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1Brand, A.: CrossRef turns one.
In: D-Lib magazine. 7(2001) no.5, xx S.
Abstract: CrossRef, the only full-blown application of the Digital Object Identifier (DOI®) System to date, is now a little over a year old. What started as a cooperative effort among publishers and technologists to prototype DOI-based linking of citations in e-journals evolved into an independent, non-profit enterprise in early 2000. We have made considerable headway during our first year, but there is still much to be done. When CrossRef went live with its collaborative linking service last June, it had enabled reference links in roughly 1,100 journals from a member base of 33 publishers, using a functional prototype system. The DOI-X prototype was described in an article published in D-Lib Magazine in February of 2000. On the occasion of CrossRef's first birthday as a live service, this article provides a non-technical overview of our progress to date and the major hurdles ahead. The electronic medium enriches the research literature arena for all players -- researchers, librarians, and publishers -- in numerous ways. Information has been made easier to discover, to share, and to sell. To take a simple example, the aggregation of book metadata by electronic booksellers was a huge boon to scholars seeking out obscure backlist titles, or discovering books they would never otherwise have known to exist. It was equally a boon for the publishers of those books, who saw an unprecedented surge in sales of backlist titles with the advent of centralized electronic bookselling. In the serials sphere, even in spite of price increases and the turmoil surrounding site licenses for some prime electronic content, libraries overall are now able to offer more content to more of their patrons. Yet undoubtedly, the key enrichment for academics and others navigating a scholarly corpus is linking, and in particular the linking that takes the reader out of one document and into another in the matter of a click or two. Since references are how authors make explicit the links between their work and precedent scholarship, what could be more fundamental to the reader than making those links immediately actionable? That said, automated linking is only really useful from a research perspective if it works across publications and across publishers. Not only do academics think about their own writings and those of their colleagues in terms of "author, title, rough date" -- the name of the journal itself is usually not high on the list of crucial identifying features -- but they are oblivious as to the identity of the publishers of all but their very favorite books and journals. ; Citation linking is thus also a huge benefit to journal publishers, because, as with electronic bookselling, it drives readers to their content in yet another way. In step with what was largely a subscription-based economy for journal sales, an "article economy" appears to be emerging. Journal publishers sell an increasing amount of their content on an article basis, whether through document delivery services, aggregators, or their own pay-per-view systems. At the same time, most research-oriented access to digitized material is still mediated by libraries. Resource discovery services must be able to authenticate subscribed or licensed users somewhere in the process, and ensure that a given user is accessing as a default the version of an article that their library may have already paid for. The well-known "appropriate copy" issue is addressed below. Another benefit to publishers from including outgoing citation links is simply the value they can add to their own journals. Publishers carry out the bulk of the technological prototyping and development that has produced electronic journals and the enhanced functionality readers have come to expect. There is clearly competition among them to provide readers with the latest features. That a number of publishers would agree to collaborate in the establishment of an infrastructure for reference linking was thus by no means predictable. CrossRef was incorporated in January of 2000 as a collaborative venture among 12 of the world's top scientific and scholarly publishers, both commercial and not-for-profit, to enable cross-publisher reference linking throughout the digital journal literature. The founding members were Academic Press, a Harcourt Company; the American Association for the Advancement of Science (the publisher of Science); American Institute of Physics (AIP); Association for Computing Machinery (ACM); Blackwell Science; Elsevier Science; The Institute of Electrical and Electronics Engineers, Inc. (IEEE); Kluwer Academic Publishers (a Wolters Kluwer Company); Nature; Oxford University Press; Springer-Verlag; and John Wiley & Sons, Inc. Start-up funds for CrossRef were provided as loans from eight of the original publishers.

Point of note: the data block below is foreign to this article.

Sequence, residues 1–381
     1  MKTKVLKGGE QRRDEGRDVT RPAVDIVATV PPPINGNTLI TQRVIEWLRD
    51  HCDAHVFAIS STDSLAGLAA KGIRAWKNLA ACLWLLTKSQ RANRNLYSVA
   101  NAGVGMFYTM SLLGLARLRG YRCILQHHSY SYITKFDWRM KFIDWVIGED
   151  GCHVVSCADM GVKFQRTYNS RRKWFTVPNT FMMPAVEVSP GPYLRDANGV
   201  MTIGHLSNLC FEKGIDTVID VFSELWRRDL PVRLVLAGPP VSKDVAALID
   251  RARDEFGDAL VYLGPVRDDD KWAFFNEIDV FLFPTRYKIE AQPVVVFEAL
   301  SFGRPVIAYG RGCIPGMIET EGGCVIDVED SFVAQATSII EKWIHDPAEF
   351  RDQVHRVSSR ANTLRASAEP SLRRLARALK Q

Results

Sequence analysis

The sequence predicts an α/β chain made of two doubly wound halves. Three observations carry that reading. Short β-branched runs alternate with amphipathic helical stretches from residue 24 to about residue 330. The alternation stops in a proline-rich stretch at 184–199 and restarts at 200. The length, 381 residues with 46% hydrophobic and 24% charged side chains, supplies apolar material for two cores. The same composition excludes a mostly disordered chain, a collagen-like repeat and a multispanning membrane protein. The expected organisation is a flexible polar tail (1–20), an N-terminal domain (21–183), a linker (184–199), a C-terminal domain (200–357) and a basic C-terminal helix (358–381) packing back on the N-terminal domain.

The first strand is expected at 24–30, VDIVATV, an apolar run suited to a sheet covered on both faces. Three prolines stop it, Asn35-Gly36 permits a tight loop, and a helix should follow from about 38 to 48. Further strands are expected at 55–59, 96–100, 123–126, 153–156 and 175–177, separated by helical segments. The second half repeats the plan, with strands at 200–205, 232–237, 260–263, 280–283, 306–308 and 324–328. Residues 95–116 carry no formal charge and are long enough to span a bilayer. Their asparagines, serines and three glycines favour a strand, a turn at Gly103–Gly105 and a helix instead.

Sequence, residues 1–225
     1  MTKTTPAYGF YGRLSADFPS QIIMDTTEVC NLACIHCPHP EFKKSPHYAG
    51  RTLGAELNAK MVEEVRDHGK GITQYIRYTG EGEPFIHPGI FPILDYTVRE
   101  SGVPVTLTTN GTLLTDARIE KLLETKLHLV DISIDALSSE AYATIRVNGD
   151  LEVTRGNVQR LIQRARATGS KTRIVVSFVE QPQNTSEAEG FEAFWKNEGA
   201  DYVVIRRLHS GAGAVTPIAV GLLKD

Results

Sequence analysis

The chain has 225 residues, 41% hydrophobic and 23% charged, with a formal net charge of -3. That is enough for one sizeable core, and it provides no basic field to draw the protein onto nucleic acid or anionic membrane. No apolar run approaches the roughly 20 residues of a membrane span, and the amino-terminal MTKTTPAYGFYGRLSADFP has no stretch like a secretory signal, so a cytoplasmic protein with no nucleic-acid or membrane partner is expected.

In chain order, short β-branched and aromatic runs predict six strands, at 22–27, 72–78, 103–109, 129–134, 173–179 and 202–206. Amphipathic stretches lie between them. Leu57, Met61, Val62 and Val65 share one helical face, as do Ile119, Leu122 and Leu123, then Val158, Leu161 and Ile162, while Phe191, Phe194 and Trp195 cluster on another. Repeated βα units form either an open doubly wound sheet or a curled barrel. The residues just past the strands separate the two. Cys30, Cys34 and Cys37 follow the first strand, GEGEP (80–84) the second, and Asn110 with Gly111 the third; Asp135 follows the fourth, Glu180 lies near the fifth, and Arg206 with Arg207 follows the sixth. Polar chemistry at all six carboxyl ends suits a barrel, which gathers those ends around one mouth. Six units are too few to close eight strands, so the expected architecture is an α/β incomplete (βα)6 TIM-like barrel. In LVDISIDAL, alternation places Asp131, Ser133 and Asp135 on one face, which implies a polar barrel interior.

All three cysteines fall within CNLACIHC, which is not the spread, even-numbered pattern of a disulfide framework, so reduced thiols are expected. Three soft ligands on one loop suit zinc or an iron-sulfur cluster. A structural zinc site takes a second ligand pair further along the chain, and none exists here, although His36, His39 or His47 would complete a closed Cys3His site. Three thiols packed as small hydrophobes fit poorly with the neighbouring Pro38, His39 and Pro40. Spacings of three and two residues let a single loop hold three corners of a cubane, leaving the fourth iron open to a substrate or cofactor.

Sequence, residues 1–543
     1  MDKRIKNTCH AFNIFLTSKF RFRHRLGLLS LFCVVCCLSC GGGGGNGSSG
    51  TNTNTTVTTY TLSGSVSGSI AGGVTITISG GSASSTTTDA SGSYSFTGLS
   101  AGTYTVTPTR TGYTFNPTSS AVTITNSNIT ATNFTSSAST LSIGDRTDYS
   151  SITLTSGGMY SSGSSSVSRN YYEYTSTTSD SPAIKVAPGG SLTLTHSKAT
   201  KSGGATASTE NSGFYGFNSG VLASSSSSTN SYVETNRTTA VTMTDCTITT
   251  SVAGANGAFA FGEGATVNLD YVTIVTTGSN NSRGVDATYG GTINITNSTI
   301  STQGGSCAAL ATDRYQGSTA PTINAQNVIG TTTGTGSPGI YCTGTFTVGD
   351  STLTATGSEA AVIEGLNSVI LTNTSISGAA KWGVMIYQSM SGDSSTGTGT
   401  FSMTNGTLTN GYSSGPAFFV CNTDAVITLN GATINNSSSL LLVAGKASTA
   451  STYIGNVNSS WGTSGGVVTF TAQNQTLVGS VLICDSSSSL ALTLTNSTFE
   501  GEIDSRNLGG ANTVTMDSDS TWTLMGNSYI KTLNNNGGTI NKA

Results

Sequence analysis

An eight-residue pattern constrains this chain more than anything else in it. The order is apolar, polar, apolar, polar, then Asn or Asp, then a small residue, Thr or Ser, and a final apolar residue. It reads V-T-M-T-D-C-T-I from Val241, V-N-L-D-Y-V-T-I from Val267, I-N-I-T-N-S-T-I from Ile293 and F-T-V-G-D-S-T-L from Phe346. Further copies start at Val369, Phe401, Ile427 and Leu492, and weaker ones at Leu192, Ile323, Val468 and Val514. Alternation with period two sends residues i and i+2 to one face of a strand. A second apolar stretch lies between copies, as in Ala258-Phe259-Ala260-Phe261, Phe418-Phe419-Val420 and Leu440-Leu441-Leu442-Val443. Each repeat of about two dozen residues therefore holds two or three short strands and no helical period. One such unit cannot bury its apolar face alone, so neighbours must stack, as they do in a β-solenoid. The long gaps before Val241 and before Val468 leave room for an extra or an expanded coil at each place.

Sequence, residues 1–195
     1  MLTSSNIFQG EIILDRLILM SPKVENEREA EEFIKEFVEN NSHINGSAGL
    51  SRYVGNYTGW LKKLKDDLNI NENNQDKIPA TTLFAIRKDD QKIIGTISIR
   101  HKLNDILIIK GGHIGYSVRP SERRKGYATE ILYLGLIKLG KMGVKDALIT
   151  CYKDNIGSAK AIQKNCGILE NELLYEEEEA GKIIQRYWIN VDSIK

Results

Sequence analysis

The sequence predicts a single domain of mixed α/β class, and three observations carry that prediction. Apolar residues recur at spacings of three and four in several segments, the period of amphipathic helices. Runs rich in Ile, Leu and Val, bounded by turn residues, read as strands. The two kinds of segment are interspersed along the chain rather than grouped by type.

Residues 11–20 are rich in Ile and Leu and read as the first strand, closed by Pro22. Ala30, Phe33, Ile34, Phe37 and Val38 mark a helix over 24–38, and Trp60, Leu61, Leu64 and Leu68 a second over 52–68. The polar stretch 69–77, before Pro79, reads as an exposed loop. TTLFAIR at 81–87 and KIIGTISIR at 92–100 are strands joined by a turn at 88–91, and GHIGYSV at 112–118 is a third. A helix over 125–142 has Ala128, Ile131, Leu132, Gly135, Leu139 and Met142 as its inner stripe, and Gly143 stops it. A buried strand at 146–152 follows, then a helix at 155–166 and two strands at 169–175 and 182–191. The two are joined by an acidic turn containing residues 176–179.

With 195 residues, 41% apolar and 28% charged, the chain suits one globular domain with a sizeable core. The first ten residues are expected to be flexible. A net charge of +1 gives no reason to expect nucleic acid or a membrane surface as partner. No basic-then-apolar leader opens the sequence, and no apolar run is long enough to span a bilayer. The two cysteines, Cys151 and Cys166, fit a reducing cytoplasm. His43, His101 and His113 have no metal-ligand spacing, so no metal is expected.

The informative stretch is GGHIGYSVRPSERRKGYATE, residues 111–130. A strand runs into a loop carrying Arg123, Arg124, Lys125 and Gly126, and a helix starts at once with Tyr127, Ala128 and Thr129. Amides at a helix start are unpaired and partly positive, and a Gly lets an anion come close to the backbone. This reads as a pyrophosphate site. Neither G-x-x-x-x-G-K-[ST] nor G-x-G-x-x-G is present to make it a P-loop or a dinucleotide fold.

Anmerkung: Vgl.: http://dlib.ukoln.ac.uk/dlib/may01/brand/05brand.html.
Themenfeld: Elektronisches Publizieren
Objekt: DOI ; CrossRef